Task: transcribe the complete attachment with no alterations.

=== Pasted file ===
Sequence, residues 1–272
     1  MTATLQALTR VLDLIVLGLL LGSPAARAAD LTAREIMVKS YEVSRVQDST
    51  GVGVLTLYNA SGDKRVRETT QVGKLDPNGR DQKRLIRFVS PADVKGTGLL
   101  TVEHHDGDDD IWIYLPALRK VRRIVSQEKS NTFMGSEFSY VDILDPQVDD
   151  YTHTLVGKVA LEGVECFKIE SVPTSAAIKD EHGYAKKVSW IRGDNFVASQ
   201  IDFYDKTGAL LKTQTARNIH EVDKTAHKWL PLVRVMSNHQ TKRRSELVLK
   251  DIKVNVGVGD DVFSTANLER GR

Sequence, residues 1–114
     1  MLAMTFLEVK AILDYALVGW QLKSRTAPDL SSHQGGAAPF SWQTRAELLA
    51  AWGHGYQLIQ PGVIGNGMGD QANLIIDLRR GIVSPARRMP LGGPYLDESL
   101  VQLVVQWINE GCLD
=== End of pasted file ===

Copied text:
Sequence, residues 1–272
     1  MTATLQALTR VLDLIVLGLL LGSPAARAAD LTAREIMVKS YEVSRVQDST
    51  GVGVLTLYNA SGDKRVRETT QVGKLDPNGR DQKRLIRFVS PADVKGTGLL
   101  TVEHHDGDDD IWIYLPALRK VRRIVSQEKS NTFMGSEFSY VDILDPQVDD
   151  YTHTLVGKVA LEGVECFKIE SVPTSAAIKD EHGYAKKVSW IRGDNFVASQ
   201  IDFYDKTGAL LKTQTARNIH EVDKTAHKWL PLVRVMSNHQ TKRRSELVLK
   251  DIKVNVGVGD DVFSTANLER GR

Sequence, residues 1–114
     1  MLAMTFLEVK AILDYALVGW QLKSRTAPDL SSHQGGAAPF SWQTRAELLA
    51  AWGHGYQLIQ PGVIGNGMGD QANLIIDLRR GIVSPARRMP LGGPYLDESL
   101  VQLVVQWINE GCLD